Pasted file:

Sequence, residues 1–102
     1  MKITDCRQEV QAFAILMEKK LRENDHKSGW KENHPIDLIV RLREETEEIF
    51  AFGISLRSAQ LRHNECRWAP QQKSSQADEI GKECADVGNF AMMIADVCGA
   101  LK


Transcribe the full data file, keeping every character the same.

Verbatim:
Sequence, residues 1–102
     1  MKITDCRQEV QAFAILMEKK LRENDHKSGW KENHPIDLIV RLREETEEIF
    51  AFGISLRSAQ LRHNECRWAP QQKSSQADEI GKECADVGNF AMMIADVCGA
   101  LK